The immature brain is susceptible to post-ischemic seizures. Current clinical practice includes empiric treatments with phenobarbital (PB) as first line for confirmed or suspected seizures in the newborn. This proposal will investigate the age and gender dependent differences in KCC2 expression and modulation following ischemic neonatal brains of CD1 mice. In preparation we have established the age-dependent increase in KCC2 expression and the age-dependent efficacy of first line anticonvulsant drug, phenobarbital on neonatal ischemic seizures in-vivo in P7, P10 and P12 pups. We have found phenobarbital to be inefficacious in suppressing ischemic seizures at P7 and significantly efficacious at P10 and P12 using quantitative video-EEG. Our data show a significant biological sex related difference both in the severity of post-ischemic seizures and in the efficacy of phenobarbital to suppress seizures at P7. The following hypotheses will be tested in the CD1 mouse model of neonatal stroke induced by unilateral common carotid ligation only (i.e., no global hypoxia): 1.Ischemic insults downregulate the acute and delay the sub-acute developmental expression profile of the adult-form electroneutral chloride cotransporter KCC2 (chloride-extruding K-Cl cotransporter) at P7 and P10;2. Early blocking of KCC2 downregulation following ischemia may be a novel strategy to prevent emergence of refractory neonatal seizures. 3. Quantitative video-EEG of acute post-stroke events from P7 and P10 CD1 pups and their response to standard and novel anticonvulsants like PB and bumetanide (BTN;potent NKCC1 antagonist) will help predict the efficacy of combination therapies immediate versus early after blocking KCC2 downregulation following neonatal stroke. The added inefficacy of novel anticonvulsant BTN;a potent NKCC1 antagonist detected in our previously funded study by the EFA (2011) has highlighted the importance of the differential efficacy of BTN in different seizure models. Especially of interest are our preliminary findings that KCC2 is downregulated after ischemia in this model whereas NKCC1 expression remains stable with trends towards upregulation. Therefore the mechanism by which acute seizures are induced in immature brains and the specific effect that protocol has on enhancing or worsening chloride cotransporter function by phosphorylation or degradation of KCC2 may dictate the efficacy of anticonvulsants that depend on the chloride gradient for their anti-seizure effects. Post-ischemic response of preventing KCC2 downregulation to immediate treatment with combination therapy of phenobarbital and NKCC1 antagonist bumetanide will be investigated and compared to early treatment after the occurrence of ischemic seizures and evaluated for sexual dimorphism.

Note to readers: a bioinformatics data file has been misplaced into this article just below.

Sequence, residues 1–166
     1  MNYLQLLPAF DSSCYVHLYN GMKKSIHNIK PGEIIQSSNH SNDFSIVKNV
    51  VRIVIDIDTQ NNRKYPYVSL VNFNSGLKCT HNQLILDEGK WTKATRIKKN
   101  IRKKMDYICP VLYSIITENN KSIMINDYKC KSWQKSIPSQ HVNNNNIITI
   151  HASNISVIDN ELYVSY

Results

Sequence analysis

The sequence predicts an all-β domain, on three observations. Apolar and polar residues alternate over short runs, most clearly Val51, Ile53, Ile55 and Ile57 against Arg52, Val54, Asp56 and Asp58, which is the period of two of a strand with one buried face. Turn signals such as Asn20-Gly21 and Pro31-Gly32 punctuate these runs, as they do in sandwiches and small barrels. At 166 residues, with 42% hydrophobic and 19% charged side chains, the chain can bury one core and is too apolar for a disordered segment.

Public Health Relevance

The immature brain, compared to adult, is more susceptible to post-ischemic seizures. Neonatal strokes are a major cause of epilepsy and long-term co-morbidities in infants and children, and are clinically refractory to treatment by commonly used antiepileptic drugs. This study will use a rodent model of neonatal stroke and ischemic seizures to provide novel insights to help design consistent, evidence-based guidelines for the management of seizures, where considerable dilemmas in management protocols still exist.

National Institute of Health (NIH)
Eunice Kennedy Shriver National Institute of Child Health & Human Development (NICHD)
Exploratory/Developmental Grants (R21)
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Special Emphasis Panel (ZRG1-EMNR-D (55))
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Ren, Zhaoxia
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Hugo W. Moser Research Institute Kennedy Krieger
United States
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